In many ways, the federal plan works a lot like the run-of-the-mill employee-sponsored health insurance plan. The bulk of the costs are picked up by the employer--in this case, the government--with the employee contributing his or her share according to a set or negotiated rate. Under a 1997 law, the government pays a set rate of 75 percent of the costs of the health plans selected by federal employees and members of Congress. The employee (and members of Congress) pick up the other 25 percent. [. . .] The Congressional Budget Office, the nonpartisan arm of Congress, analyzed Ryan’s plan and estimated that, by 2030, the government would pay just 32 percent of the health-care costs, less than half of what it currently pays. The other 68 percent of the plan would have to be shouldered by the retiree.
That just-like-Congress tale ends up a two-Pinocchio lie. But happily spread by local huckster McIlheran. Who goes on:
And since the alternative, according to Medicare’s own accountant, is leaving things alone until it all goes bankrupt in 2024 and doctors stop seeing recipients, then Ryan’s plan is “immoral” only in the way that it’s somehow wrong to disturb a drunk’s calm by telling him he’s driving onto the wrong-way off-ramp of a freeway.
This is what we call a false dichotomy (and the word false, you know, tells you McIlheran is lying again). This is the new Republican tactic, seen all over the place lately, which is to pretend that Democrats don't have a plan. They do. It's called Medicare--you may have heard of it, and it's a pretty awesome deal.

But not merely the unaltered Medicare that will, indeed, drive federal debt ever higher. Rather, Democrats have been trying to build on Medicare's signature strength, which is that it holds costs down better than private-sector insurance; over the years, Medicare inflation has been significantly lower than inflation in the health-care market as a whole. Ryan's plan, on the other hand, holds payments down, which does nothing to control costs. Indeed the CBO's analysis is devastating:
[T]he CBO conclusion is shocking: The plan would not only fail to decrease health-care costs per beneficiary, it would increase them–-by an astonishingly large amount that grows over time. By 2030, health spending on the typical beneficiary would be more than 40 percent higher under the Ryan plan than under existing Medicare, according to the CBO report.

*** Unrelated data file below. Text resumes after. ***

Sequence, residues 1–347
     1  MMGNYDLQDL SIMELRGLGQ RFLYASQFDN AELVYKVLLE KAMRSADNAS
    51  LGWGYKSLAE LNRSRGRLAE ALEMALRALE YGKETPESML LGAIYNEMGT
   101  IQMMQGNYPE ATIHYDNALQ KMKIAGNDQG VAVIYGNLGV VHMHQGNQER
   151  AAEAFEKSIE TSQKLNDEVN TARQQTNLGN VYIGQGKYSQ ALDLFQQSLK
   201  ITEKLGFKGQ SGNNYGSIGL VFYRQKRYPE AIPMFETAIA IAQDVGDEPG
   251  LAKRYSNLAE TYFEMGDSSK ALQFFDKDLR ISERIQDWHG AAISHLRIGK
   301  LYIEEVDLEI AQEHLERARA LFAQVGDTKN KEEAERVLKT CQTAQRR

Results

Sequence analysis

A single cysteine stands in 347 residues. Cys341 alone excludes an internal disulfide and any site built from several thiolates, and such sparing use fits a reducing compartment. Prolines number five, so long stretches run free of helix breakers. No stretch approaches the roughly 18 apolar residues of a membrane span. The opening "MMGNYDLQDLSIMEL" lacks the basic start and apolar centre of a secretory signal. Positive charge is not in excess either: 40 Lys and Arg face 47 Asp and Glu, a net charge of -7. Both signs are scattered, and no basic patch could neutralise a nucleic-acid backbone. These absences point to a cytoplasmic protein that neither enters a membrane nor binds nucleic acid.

The short version is that the end of Medicare as we know it under Ryan means an end to the government's ability to make big deals with doctors and hospitals and other providers: When you're on your own with a voucher, you do not have the negotiating power of 40 million other patients behind you. Just you. So where Ryan's plan allows actual costs to skyrocket (but not the size of your voucher), Medicare as is holds actual costs down.

But there's more: Democrats want to further bend that cost curve downward, and the Affordable Care Act starts that process. The ACA establishes an Independent Payment Advisory Board, which is all about finding the most effective and most cost-effective treatments to pay for instead of expensive stuff that doesn't work. However, there's a giant obstacle to this board, and if you guessed the House GOP you'd be right: They want to abandon the additional cost controls that the IPAB would bring in favor of, as we've seen, destroying Medicare instead.

The truth of the Ryan plan and the destruction it would bring to one of the most important entitlement plans we have today is what's really scary. And that's why Ryan and his media enablers like McIlheran have to lie to you in order to sell the plan.

* Steve Benen argues that this is not an isolated case, and that Democrats have been making significant gains, including flipping Mike Huebsch's GOP-heavy Assembly district here in Wisconsin a few weeks ago.